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In the past our small firm has been file sharing via a Windows Workgroup with a mix of <10 XP, Vista and Win7 machines.

I understand the basic concept of a Workgroup vs Domain and the advantages of switching over to a Domain, but at this moment we unfortunately don't have the resources to migrate to a domain.

Instead, I would like to upgrade our system so that we have a machine that acts as a central file server, with several (I assume local) accounts set up on that file server. When users want to access files on that file server, they would type in the server path e.g. \\FileServer\SharedFolder\ and should be prompted to enter the credential of the local account that belongs to them. On that file server, I would be able to manage the permissions of the different accounts.

How should this be set up? Do I need to install some version of Windows Server on the 'file server'? What's the minimal configuration to get this working?

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If you are able to install and configure a Windows Server, why bother with local accounts instead of just setting up a domain right away? – the-wabbit Aug 15 '12 at 19:41
At our small firm, some users use their personal laptops for work. If I set up a domain, am I forced to authenticate their logons onto their own machines against Active Directory? I don't want to affect how they log on to their machines, but I do want to make them authenticate against my file server ONLY when they connect to it to grab files. – fortuneRice Aug 16 '12 at 2:35
no, you are not forced to anything. If workstations are not domain members, they are just not manageable by the domain administrator and do not have domain machine accounts (i.e. features requiring the machine to authenticate - like group policies - would not work). But you still could access SMB and RPC services within your domain by authenticating on demand (i.e. just typing \\server\share and providing valid credentials) or by using an identical username/password combination for local and domain users. – the-wabbit Aug 16 '12 at 9:08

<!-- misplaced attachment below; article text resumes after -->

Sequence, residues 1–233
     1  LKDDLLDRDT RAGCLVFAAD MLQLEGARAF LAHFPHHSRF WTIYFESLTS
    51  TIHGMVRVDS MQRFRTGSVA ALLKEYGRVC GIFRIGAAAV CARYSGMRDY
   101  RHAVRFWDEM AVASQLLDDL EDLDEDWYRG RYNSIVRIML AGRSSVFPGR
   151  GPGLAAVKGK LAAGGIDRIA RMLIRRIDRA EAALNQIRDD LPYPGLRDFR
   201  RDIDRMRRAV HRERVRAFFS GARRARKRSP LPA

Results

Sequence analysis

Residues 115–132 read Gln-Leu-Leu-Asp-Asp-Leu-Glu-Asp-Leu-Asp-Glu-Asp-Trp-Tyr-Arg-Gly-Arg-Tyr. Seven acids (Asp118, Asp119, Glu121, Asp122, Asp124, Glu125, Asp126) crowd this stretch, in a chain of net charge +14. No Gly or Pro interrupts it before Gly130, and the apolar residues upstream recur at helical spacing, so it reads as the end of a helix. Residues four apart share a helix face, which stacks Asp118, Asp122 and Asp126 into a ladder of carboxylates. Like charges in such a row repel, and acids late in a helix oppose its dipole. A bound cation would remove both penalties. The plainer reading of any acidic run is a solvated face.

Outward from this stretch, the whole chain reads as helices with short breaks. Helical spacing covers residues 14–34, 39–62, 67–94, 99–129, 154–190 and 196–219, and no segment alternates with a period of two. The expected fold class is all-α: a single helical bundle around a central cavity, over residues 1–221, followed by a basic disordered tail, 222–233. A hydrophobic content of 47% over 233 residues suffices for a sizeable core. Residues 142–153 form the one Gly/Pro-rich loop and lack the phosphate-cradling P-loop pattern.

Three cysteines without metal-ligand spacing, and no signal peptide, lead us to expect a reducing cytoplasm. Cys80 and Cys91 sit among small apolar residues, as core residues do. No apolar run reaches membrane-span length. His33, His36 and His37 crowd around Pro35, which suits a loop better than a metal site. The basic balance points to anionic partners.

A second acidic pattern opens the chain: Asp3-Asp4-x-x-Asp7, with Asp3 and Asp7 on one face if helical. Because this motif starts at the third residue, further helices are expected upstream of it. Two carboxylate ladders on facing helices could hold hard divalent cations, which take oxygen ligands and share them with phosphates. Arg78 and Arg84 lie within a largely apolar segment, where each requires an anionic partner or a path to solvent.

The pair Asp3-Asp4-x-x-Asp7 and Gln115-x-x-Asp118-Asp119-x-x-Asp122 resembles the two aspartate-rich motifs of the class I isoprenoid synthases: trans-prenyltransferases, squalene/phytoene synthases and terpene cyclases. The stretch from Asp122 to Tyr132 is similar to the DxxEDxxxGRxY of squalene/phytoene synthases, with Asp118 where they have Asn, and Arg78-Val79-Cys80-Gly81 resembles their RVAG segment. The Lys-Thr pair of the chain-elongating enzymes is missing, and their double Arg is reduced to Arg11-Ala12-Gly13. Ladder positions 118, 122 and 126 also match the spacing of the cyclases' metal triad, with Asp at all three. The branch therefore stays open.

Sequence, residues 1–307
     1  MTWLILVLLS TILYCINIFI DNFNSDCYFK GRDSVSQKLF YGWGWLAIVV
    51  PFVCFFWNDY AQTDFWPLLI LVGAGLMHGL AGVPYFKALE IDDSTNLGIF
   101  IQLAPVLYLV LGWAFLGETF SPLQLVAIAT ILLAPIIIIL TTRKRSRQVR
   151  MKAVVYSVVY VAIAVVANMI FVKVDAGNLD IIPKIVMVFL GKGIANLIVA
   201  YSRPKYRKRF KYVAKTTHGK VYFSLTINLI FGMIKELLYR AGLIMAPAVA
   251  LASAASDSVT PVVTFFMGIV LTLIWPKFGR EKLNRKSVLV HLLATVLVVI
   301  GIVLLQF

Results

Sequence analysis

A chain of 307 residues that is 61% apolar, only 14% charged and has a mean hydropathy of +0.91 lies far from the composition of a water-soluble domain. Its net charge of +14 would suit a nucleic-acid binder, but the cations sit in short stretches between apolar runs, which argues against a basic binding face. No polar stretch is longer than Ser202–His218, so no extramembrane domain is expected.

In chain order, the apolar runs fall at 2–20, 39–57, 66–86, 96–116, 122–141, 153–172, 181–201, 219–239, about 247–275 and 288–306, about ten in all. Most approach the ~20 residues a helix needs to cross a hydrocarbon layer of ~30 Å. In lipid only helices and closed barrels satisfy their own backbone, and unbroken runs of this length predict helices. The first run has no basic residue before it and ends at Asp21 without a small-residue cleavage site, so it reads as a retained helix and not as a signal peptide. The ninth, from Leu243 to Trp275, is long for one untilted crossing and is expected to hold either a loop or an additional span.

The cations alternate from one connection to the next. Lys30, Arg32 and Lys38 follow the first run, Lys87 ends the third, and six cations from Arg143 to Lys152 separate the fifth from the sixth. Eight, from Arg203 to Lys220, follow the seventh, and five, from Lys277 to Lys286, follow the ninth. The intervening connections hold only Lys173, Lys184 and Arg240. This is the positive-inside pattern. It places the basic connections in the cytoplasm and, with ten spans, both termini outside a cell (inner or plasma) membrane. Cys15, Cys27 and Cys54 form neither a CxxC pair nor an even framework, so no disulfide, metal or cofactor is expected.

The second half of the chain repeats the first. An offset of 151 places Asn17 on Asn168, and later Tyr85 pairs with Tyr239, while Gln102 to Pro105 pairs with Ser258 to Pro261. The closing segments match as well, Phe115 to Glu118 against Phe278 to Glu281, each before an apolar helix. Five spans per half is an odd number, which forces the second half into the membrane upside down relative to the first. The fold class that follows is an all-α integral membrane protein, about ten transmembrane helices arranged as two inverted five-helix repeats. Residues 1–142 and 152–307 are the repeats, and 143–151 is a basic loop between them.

Thanks that was helpful. I was attempting to authenticate on demand but got confused when it didn't prompt me. I thought it might be because my client's local username/pass was identical to the combination of my domain account. – fortuneRice Aug 16 '12 at 17:22
up vote 1 down vote accepted

"Minimal configuration" would be running a version of Windows that supports file sharing (anything >= XP SP3 should be fine), turning on file sharing, creating your users and their access levels, creating your file shares and applying the proper permissions, and making sure nothing blocks or prevents the communication between the clients and the "server." (Firewall rules in particular come to mind, but you might need to check power settings and the like on a non-server Windows OS - file sharing works much better when the "server" doesn't power off its hard drives to save power, for example.)

And UNC paths start with two slashes, just so you know. As in \\FileServer\SharedFolder\

share|improve this answer
He does know. He just stepped into the markdown trap - two backslashes are displayed as one unless you are using backticks to escape them – the-wabbit Aug 15 '12 at 19:39

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